Richard Florida argues in Politico.com that the election of Trump should bolster calls to devolve more power to states and specifically cities. While he acknowledges that some of this smacks of “sore loser” federalism, it would address a growing structural problem in governing a nation as large and diverse as the U.S.:
Even on the domestic level, though, the modern-day presidency is crazy when you think about it: Why would a nation of 300 million-plus people, 50 states, 350-plus metro areas, 3,000-plus counties, and thousands and thousands of cities and communities choose to vest so much power in one person and one office? If there were any doubt about it before, we now know for a certainty that our current governance system, with its packing of humongous power in a unitary executive, is vulnerable to catastrophic failure. In addition to our well-understood horizontal separation of powers among the executive, legislative and judicial branches of government, the vertical separation of powers among the federal government, the states and the local level provides a further set of safeguards and protections that we can and must use better. As a number of large corporations have discovered, devolving decision-making from executive suites to work groups on the factory floor drives huge productivity gains.
I’m sympathetic with much of the progressive policy aims for the federal government over the last century or so, from basic social safety nets to labor and environmental standards to civil/women’s rights and infrastructure investment. But Florida’s point is hard to argue with. In a country as large and diverse as ours, with so much power now concentrated in the federal government, each election becomes a divisive tug-of-war now prone, as Florida says, to democratic (small “d”) catastrophe.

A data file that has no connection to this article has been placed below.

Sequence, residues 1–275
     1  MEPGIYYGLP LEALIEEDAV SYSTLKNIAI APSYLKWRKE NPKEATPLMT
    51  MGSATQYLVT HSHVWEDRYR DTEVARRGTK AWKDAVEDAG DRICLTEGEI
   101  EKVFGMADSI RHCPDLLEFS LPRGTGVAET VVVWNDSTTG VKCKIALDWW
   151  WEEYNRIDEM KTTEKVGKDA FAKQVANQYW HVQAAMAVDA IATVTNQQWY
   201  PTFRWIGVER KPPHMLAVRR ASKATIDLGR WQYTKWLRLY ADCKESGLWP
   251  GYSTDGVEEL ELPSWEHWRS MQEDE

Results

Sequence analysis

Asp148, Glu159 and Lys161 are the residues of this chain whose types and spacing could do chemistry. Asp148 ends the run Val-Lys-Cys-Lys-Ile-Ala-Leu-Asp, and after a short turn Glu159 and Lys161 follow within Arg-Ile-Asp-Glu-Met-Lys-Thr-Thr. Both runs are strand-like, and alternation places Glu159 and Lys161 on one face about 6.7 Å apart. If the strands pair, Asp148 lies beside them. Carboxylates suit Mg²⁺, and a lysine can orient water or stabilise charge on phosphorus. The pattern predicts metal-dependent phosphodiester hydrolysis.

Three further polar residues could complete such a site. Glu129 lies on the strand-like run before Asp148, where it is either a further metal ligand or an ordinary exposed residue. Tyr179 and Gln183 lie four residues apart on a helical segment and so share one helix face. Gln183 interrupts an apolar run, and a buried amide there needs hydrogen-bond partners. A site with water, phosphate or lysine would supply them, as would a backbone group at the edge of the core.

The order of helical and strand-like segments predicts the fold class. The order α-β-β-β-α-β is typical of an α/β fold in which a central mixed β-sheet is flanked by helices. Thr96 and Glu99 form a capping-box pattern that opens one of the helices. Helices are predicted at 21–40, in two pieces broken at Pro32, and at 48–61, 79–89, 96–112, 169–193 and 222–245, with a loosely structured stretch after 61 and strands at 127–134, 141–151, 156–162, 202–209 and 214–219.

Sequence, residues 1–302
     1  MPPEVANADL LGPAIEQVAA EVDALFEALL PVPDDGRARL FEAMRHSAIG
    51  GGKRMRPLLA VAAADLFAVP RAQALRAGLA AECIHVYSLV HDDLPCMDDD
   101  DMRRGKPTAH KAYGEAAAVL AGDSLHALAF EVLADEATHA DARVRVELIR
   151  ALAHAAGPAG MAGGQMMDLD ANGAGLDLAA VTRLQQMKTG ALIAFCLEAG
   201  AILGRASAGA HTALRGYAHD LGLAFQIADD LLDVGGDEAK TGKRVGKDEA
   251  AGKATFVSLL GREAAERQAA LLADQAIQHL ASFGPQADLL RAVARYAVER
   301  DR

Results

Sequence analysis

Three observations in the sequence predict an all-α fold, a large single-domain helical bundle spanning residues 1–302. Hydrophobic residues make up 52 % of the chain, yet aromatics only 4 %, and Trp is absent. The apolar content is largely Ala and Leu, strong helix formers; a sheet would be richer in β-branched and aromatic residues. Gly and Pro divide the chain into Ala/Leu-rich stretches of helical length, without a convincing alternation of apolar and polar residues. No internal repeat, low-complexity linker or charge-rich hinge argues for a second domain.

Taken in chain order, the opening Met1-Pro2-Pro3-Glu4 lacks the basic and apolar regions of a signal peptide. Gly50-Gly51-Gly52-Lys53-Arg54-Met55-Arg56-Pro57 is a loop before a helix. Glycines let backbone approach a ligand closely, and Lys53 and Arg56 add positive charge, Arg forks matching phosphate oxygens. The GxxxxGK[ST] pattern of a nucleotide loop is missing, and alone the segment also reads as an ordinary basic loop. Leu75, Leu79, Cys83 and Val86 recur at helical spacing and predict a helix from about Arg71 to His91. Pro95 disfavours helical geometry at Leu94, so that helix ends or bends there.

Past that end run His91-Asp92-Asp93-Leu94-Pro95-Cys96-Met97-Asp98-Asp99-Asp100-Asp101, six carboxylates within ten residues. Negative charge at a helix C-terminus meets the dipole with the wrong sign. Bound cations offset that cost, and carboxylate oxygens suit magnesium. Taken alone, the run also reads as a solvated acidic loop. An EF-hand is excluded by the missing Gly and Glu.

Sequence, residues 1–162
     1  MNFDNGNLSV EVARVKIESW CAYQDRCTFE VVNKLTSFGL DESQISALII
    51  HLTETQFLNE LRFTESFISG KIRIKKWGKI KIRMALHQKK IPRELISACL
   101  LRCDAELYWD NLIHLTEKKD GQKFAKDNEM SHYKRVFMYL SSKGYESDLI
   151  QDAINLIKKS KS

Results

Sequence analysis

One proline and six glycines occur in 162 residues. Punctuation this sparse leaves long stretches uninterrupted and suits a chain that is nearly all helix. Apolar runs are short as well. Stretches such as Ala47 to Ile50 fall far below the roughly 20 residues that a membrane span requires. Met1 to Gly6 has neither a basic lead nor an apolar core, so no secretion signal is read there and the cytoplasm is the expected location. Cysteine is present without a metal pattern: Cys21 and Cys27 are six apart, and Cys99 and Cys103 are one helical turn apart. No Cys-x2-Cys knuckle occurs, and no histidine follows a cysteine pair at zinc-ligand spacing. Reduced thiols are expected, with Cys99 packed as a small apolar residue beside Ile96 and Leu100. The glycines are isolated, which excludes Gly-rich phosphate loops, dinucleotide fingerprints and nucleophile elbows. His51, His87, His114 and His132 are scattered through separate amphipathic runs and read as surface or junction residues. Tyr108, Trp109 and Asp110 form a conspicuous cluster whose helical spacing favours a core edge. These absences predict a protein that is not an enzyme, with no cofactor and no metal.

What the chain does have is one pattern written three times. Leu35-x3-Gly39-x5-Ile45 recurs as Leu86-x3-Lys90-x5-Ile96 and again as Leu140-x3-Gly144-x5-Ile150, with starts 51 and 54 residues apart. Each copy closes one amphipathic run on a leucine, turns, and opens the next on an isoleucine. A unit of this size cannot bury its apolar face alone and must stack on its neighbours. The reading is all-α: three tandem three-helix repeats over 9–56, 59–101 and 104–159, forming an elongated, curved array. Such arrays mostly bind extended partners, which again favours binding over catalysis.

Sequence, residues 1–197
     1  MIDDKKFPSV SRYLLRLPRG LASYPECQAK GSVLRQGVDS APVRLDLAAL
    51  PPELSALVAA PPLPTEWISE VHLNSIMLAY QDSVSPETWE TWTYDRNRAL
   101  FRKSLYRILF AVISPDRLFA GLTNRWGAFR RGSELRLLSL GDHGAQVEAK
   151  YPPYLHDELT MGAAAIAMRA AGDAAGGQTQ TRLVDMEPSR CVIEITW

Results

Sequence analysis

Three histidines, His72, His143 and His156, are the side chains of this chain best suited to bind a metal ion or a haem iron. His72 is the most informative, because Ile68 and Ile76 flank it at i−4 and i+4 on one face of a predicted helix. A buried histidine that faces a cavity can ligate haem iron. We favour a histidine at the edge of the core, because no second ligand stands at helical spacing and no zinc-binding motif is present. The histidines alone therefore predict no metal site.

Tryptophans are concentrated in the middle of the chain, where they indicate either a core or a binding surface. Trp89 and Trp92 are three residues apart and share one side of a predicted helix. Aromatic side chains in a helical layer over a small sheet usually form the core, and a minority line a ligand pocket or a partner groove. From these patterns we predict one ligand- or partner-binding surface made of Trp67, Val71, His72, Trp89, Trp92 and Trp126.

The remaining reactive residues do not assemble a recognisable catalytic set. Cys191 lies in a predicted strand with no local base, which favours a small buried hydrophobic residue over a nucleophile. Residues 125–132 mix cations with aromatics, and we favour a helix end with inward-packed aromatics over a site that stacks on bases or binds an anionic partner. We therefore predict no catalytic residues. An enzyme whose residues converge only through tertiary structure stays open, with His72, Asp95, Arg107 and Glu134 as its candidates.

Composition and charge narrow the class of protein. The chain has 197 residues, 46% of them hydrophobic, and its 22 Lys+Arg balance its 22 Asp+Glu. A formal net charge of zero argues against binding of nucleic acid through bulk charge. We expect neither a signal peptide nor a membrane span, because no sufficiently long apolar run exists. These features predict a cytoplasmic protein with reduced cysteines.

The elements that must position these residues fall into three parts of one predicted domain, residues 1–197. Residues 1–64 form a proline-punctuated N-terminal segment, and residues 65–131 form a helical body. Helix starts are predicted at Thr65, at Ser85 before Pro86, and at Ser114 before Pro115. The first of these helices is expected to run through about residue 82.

Some of this “devolution revolution” could be straightforward, such as allowing states more flexibility on infrastructure investment. As a pro-transit person, the federal government hasn’t been great on this issue anyway, mostly funding highways, and in recent years, not funding much of anything.
But Florida doesn’t grapple with some of the hard choices and trade-offs this approach would entail. Are we comfortable as a nation allowing some states to continue discriminating against women, minorities and religious groups? To pollute their environment, when the effects might spill over to neighboring states? To weaken labor and safety standards? And of course to roll back social safety nets like Medicare and Social Security?
The upside, perhaps, is that states would be freer to solve these problems themselves, and we’d get a true laboratory effect going. People would be free to move to more successful and tolerant states, as the Great Migration exemplified. We’d also potentially ratchet down the growing tension in this country between affluent, urban areas and economically stagnant and declining rural regions.
But it would come at a cost to specific policies and policy goals that need to be addressed head on.
It’s worth considering as a long-term response to a problem that is much bigger than just one presidential election, and that won’t be resolved with just a change in leadership.